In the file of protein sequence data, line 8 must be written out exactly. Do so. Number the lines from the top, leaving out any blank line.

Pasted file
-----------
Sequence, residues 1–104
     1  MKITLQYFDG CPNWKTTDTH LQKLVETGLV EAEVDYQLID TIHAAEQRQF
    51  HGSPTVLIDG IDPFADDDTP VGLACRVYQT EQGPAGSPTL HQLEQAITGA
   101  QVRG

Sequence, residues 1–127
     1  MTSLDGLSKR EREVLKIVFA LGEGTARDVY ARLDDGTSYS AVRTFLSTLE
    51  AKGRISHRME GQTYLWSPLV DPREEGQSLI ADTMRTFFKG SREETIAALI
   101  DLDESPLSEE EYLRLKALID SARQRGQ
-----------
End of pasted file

   101  DLDESPLSEE EYLRLKALID SARQRGQ